If you want to make energy savings at home, it makes sense to look at installing double glazed windows.
Double glazed windows work by placing two sheets of glass parallel to one another within the same window. The space between the panes is either filled with dehydrated air, a vacuum, or an inert gas like argon. This serves to considerably improve a window’s thermal performance, thus saving homeowners hundreds – and sometimes thousands – of pounds over the lifetime of the window.
There are some cases, however, where installing a new window simply isn’t feasible. Replacements carry an up-front cost that future energy savings will justify only after many years. Moreover, in some conservation areas it will be difficult to obtain planning permission for a double-glazing installation.
So what are the alternatives? How can we prevent heat from escaping our property without replacing our windows? Let’s examine some potential solutions.
If double glazing isn’t a viable option, then you might instead consider secondary glazing. This involves placing a second sheet of glass on the interior of your window, which helps to contain heat in much the same way that double-glazing does. Since the air between the glass isn’t sealed, there are no differences in pressure to worry about. If your windows boast a classic, period look, then you’ll be able to keep them looking exactly as they currently do from the outside – while at the same time achieving a considerable improvement in thermal efficiency.
Secondary glazing inserts are usually held into place via a compression tube, which sits around the edge of the window, and holds the panel into place via suction. This means that you needn’t make any modifications to the window. Inserts are often made from acrylic rather than glass, and will thus contain the warmth of your interior all the more effectively.
Curtains are often-overlooked as a means of improving the energy-efficiency of windows. Keep them open in the day (to let in sunlight) and then draw them at night. This will create an extra barrier that prevents heat from escaping the room. Ideally, you’ll want to use a heavy set of blackout curtains.
When single-glazed windows – and particularly wooden ones – begin to age, it’s inevitable that gaps will form in the spaces where the frame meets the glass. This might be down to the warping effect of the wood, as it changes shape over time in response to changes in temperature and moisture. It might also be caused by a degradation of the seal at the edge of the window. In either case, the result is the same – cold air from outside will be able to pass into your property.
Clearly, this is undesirable. Fortunately, once the seal around your window has failed, it’s relatively easy to replace it using an inexpensive strip of sticky rubber. Of, if you’d like a more effective and attractive final window, you might hire a professional joiner to refurbish it with a proper draught-excluding system.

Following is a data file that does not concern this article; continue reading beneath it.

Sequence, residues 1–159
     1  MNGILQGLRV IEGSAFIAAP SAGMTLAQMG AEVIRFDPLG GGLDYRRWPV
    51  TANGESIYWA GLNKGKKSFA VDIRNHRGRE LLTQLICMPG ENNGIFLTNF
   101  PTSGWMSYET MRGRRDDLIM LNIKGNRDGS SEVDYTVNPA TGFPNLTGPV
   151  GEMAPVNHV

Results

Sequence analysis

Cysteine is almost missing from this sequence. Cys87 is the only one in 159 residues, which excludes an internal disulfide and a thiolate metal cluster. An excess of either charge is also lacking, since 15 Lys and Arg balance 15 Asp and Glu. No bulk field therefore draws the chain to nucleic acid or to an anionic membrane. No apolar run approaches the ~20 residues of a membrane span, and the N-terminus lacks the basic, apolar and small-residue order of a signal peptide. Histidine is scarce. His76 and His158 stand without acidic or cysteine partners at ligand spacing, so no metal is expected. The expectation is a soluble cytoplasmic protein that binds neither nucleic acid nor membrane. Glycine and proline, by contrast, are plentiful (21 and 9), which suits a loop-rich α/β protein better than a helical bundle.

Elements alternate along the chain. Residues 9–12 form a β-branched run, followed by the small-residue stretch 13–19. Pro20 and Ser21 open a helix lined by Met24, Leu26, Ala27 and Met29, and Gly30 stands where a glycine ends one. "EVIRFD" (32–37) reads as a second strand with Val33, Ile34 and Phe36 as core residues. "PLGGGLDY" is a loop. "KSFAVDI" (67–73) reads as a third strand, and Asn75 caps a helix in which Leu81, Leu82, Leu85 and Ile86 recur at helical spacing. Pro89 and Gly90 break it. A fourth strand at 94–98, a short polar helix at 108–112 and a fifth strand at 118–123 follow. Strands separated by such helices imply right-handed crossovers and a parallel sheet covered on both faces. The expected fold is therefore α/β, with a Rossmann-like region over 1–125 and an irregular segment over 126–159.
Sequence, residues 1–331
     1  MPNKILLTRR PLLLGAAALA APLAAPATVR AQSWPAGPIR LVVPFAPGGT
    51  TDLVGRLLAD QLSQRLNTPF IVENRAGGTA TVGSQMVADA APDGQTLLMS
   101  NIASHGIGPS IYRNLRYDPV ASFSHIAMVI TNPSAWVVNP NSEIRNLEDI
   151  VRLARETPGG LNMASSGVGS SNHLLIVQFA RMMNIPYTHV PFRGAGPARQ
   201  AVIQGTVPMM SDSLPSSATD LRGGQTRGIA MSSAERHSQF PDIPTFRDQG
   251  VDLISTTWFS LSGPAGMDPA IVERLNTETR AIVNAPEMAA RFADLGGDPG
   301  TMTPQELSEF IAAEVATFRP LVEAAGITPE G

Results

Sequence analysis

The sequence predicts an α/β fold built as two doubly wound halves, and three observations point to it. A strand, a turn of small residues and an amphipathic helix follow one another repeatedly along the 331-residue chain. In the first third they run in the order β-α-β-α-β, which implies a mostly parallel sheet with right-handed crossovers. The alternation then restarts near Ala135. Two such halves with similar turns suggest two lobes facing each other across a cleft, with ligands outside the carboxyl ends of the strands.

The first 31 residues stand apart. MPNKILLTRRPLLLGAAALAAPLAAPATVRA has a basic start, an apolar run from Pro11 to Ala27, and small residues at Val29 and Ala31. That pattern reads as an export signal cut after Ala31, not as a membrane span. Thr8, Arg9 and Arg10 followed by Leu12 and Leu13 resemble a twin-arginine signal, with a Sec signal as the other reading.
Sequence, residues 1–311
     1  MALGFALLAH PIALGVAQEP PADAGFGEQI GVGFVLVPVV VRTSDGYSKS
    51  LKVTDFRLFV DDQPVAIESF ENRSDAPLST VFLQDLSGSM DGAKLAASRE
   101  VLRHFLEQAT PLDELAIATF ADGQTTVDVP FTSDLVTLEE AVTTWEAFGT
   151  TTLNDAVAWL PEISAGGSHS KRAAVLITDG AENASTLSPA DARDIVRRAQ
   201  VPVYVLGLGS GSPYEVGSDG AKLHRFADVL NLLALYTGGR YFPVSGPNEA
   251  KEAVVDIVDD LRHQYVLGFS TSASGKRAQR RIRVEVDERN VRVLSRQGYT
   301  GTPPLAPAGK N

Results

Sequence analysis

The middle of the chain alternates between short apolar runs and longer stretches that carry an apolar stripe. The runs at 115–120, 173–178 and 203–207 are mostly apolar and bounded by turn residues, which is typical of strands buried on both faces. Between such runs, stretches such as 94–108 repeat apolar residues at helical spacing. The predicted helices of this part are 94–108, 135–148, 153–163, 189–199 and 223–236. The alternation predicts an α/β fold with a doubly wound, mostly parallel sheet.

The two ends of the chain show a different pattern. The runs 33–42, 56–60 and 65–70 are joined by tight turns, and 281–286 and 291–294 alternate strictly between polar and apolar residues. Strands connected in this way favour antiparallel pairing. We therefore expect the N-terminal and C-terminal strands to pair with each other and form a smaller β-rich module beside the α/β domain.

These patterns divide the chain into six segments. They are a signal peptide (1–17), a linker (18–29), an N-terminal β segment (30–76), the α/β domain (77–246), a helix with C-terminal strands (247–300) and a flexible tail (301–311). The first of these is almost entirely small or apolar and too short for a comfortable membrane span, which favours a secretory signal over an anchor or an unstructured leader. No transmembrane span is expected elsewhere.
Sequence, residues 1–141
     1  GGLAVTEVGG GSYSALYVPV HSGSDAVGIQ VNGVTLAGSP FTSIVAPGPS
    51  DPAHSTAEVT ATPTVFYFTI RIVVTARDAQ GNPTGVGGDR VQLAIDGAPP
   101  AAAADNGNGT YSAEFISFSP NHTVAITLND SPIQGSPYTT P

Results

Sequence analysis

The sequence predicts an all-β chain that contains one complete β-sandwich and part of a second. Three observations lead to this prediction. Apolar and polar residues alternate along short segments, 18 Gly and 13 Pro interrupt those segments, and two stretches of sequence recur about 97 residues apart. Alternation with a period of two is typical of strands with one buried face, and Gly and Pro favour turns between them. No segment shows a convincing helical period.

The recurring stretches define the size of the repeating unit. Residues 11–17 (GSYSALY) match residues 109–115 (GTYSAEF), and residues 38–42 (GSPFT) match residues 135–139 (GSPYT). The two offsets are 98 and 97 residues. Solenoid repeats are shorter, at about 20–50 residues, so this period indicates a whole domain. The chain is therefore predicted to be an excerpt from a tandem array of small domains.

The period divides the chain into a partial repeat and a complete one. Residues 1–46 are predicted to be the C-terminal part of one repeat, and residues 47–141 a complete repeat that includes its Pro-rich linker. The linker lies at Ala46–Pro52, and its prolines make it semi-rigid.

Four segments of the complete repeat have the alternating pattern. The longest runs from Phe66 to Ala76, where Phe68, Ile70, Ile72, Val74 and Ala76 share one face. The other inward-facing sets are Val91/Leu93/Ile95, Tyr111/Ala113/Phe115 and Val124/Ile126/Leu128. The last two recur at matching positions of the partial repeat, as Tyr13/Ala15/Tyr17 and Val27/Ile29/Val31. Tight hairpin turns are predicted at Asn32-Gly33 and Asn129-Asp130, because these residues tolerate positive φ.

It’s detecting where the draughts have formed that’s the tricky part: even if you can feel a stream of cold air in the middle of your living room, you might struggle to pinpoint exactly where it’s coming from. You can find out by simply turning out the lights and running a candle around the edges of the suspect window. When the flame flickers, you’ll have found your draught. Alternatively, you might consider an electronic thermal leak detector – a device which functions like an electronic thermometer, except it works from a distance. Shine the beam over a leak, and the light on the back of the device will change colour.
If your windows are made from wood, they will require occasional treatments in order to maintain their appearance and effectiveness. Fortunately, this isn’t a ritual you need perform very often. Simply scrubbing the frame and re-applying your finish of choice every few years will be enough to guard the wood against rot and warping. This in turn will reduce the chance of a draught forming, and will help to extend the lifespan of the window itself.
Replacing your windows is an excellent way to improve the thermal efficiency of your home. But even if you’re prevented from replacing your windows, it’s still possible to improve their efficiency through incremental improvements and maintenance. If the other elements of the building, like the roof, are substandard, then the windows might not seem an obvious choice for an upgrade. By the same token, if your windows have not yet degraded to the point where replacement is beneficial, you might wish to delay replacing them, and take some of the alternative measures we’ve mentioned here in the intervening period.